Observation, as far as I can tell, is a gross tool of the law. Either cough up the money to fulfill the burden, or dodge it. But neither of those paths leads to a good outcome. What they should do is point us toward what is truly necessary – the gospel. There is someone much greater who observes us and has felt all that we are going through, Jesus Christ. We are all in observation and someone else has already paid the price with his blood. When every earthly prop gives way, He then is all my hope and stay.

The more we deny this and run from it, the worse our rebellion and problem will get. Repent, and believe the good news. The Lord is merciful and may yet stay his righteous judgment.


Rod Dreher pulls up a quote from a blog reader that is very true.

Of all parts related to faith – doctrine, worship, study, fellowship, service – the most predictive is prayer. The only thing I’d add is that while you might think a deep prayer life would be better than simple bedtime and meal prayer, everything I’ve seen, read or experienced says no really. Prayer is the digital switch of faith. When prayer is a constant however small in your life faith perseveres; when prayer has left the faith went first. Luther explains the second commandment – Do not misuse the name of the Lord your God – in prayer terms. We should fear and love God so that we do not curse, swear, use witchcraft, lie or deceive in His name, but call upon it in every trouble, pray, praise and give thanks. So after the simple law – Do not have any other Gods – the immediate next step is how do we relate to this God correctly. And the answer is prayer. The first part of living the Christian life is prayer.

This is not to downplay a structured and deep prayer life. Solid practices are a good part of “watching”. I’d point you at a couple of items. Here is a recent sermon on prayer. That sermon references a work that I believe is available in the public domain in an older translation (or just ask me I’ve got it) – Luther’s Simple Way to Pray, but it also available in a refreshed translation at CPH or on the Kindle at amazon. Less than two bucks. Filled with all the reformer’s insight.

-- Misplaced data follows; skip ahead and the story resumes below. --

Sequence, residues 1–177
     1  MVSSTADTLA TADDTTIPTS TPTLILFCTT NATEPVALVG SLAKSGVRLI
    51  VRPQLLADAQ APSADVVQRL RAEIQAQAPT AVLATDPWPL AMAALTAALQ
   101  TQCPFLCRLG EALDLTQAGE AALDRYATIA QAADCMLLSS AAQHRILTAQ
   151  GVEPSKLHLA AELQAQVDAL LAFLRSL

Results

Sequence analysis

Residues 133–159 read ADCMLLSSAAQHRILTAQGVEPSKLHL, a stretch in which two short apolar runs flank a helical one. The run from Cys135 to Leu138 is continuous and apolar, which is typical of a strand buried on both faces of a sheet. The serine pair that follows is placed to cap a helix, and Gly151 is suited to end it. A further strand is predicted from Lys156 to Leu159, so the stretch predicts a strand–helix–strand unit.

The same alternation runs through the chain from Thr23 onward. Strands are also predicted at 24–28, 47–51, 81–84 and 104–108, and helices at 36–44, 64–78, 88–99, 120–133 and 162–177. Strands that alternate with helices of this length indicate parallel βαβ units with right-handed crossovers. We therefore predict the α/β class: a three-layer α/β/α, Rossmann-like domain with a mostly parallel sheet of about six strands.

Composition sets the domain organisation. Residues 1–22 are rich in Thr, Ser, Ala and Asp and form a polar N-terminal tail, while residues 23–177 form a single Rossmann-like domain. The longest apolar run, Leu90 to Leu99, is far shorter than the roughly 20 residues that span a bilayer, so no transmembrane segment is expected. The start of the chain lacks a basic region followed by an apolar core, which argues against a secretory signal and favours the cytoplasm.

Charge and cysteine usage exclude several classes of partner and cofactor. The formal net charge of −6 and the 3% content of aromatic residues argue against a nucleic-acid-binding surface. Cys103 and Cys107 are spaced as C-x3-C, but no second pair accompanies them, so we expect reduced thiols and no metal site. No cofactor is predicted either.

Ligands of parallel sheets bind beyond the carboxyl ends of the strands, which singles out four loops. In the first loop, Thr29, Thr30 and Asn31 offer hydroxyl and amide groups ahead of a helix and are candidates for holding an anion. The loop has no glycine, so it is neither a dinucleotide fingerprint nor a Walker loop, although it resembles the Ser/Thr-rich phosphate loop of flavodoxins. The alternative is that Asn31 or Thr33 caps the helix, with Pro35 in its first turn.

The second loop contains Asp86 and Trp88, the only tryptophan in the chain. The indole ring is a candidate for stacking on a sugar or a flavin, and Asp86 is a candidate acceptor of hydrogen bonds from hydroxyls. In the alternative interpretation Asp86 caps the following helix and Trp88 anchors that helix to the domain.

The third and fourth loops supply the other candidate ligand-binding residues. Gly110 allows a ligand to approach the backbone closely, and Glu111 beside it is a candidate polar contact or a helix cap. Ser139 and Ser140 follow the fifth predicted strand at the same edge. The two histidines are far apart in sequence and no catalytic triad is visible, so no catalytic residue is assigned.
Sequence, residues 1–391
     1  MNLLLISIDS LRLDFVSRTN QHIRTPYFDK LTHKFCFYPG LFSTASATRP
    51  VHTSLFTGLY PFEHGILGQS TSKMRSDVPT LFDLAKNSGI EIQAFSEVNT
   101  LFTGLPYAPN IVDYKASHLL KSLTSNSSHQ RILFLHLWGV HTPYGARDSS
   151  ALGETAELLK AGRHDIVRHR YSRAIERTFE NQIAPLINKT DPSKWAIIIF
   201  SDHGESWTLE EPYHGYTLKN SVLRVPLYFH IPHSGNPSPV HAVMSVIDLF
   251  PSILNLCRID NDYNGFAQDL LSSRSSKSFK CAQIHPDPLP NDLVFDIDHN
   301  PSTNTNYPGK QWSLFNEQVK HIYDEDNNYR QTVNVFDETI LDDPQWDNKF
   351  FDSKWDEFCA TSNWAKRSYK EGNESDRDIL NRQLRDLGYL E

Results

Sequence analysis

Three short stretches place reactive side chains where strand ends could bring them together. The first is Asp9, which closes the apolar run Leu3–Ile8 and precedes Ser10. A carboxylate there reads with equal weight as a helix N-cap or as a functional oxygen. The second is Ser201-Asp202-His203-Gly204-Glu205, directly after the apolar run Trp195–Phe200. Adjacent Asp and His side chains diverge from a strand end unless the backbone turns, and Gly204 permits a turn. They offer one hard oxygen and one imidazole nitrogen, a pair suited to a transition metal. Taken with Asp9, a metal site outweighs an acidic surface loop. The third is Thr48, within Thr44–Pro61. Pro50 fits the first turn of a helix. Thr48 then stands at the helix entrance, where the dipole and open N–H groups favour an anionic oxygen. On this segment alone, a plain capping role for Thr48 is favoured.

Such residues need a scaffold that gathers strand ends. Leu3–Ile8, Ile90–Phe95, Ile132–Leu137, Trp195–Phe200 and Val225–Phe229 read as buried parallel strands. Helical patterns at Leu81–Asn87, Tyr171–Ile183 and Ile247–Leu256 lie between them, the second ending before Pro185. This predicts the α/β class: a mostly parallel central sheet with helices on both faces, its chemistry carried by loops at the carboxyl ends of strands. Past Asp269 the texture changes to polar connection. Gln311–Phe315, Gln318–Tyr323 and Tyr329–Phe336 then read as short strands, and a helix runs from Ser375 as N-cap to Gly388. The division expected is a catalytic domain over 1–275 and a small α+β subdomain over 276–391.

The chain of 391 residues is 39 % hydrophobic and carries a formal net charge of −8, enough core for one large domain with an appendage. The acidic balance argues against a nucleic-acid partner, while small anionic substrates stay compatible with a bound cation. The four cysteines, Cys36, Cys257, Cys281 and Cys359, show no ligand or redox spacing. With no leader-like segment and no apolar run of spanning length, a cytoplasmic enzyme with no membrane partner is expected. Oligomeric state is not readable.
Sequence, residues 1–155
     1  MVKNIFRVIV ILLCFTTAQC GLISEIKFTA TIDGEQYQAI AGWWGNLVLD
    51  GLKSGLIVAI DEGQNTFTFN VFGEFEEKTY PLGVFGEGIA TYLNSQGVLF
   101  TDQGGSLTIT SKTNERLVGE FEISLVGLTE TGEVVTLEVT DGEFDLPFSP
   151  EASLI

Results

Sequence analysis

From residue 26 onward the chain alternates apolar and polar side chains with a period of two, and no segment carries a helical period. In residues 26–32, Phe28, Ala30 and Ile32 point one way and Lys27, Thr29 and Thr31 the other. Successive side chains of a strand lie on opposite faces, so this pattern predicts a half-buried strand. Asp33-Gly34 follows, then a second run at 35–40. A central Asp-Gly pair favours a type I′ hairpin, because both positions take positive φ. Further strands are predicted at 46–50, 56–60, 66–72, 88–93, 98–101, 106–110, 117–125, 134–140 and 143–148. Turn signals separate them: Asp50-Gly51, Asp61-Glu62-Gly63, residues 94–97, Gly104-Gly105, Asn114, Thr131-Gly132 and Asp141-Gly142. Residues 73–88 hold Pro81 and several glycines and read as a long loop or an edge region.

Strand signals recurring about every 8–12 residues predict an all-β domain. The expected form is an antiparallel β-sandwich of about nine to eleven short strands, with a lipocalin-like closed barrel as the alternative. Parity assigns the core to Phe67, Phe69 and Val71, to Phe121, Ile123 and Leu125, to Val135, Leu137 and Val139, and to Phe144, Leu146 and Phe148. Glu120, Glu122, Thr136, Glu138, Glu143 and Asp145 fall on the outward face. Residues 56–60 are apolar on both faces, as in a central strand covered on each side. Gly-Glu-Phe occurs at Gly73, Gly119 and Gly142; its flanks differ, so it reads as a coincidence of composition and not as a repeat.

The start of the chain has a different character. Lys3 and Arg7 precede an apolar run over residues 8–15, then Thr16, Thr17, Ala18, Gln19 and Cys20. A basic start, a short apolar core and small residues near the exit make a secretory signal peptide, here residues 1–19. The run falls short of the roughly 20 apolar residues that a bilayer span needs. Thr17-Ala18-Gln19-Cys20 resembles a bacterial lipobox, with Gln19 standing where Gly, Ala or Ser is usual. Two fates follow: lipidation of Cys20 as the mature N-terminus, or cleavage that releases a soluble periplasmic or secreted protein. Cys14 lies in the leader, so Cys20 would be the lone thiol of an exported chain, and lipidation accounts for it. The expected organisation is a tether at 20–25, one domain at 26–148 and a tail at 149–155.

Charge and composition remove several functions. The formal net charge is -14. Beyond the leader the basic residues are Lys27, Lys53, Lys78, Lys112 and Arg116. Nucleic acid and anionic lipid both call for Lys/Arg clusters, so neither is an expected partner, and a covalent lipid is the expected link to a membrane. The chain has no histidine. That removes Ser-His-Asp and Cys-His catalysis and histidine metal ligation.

Through (the) Faith in/of Christ


Biblical Text: Galatians 2:11-21, Galatians 3:10-14
Full Sermon Draft

We are continuing our reading through Galatians and have come to the raw heart of the letter. Contextually a snub. Peter stops eating with gentile Christians. But Peter’s actions put into question the very heart of the gospel. Is it “Christ and {fill in the blank}” or pure grace? Even if Peter would say grace, his actions say “and”.

What this sermon encourages is three things:
1) the THE Faith, the doctrine of the church, is important. Paul’s argument with Peter is over a doctrine – by Faith alone or faith and. The doctrine is important enough for apostles to argue about face to face. (Although more in a law way of reminding us what we actually believe so that our actions may come in line.) Through THE FAITH in Christ; or Christ is the truth.

2) Faith itself, that which believes, is more important because that is what changes hearts. Through faith in Christ; or Christ is the life.

3) Both of those things can become works. The deeper importance is the we rest not on THE Faith, nor faith itself, but on the faith of Christ. When we waver, Christ does not. Through the faith of Jesus Christ; or Christ is the Way.

Always nice to find support…

Here is Rev. Samuel Rodriguez, a man who has actually stood in the pulpit at Ebenezer Baptist, saying something very similar to my sermon back in February. Always nice to find support from someone closer to the real thing as it were…

…Americans of faith—and according to Gallup that includes 92 percent of us—thus must face unflinchingly the question of who are Dr. King’s rightful heirs.